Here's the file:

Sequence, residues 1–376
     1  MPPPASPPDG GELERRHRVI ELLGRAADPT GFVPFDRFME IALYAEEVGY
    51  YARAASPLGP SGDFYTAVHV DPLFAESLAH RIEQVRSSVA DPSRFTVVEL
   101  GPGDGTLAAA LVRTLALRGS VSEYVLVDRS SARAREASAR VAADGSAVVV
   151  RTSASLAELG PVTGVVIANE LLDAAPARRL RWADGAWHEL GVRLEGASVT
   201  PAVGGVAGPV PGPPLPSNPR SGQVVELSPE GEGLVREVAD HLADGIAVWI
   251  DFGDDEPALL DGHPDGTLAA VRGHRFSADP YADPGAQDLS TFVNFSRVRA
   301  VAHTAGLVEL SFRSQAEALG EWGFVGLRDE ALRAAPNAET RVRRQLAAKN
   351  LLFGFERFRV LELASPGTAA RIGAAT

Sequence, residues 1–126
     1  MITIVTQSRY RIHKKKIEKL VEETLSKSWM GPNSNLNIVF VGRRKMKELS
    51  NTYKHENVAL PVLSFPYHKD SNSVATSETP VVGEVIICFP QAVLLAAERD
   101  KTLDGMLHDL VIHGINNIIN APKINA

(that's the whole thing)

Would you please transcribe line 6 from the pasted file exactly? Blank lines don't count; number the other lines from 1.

   201  PAVGGVAGPV PGPPLPSNPR SGQVVELSPE GEGLVREVAD HLADGIAVWI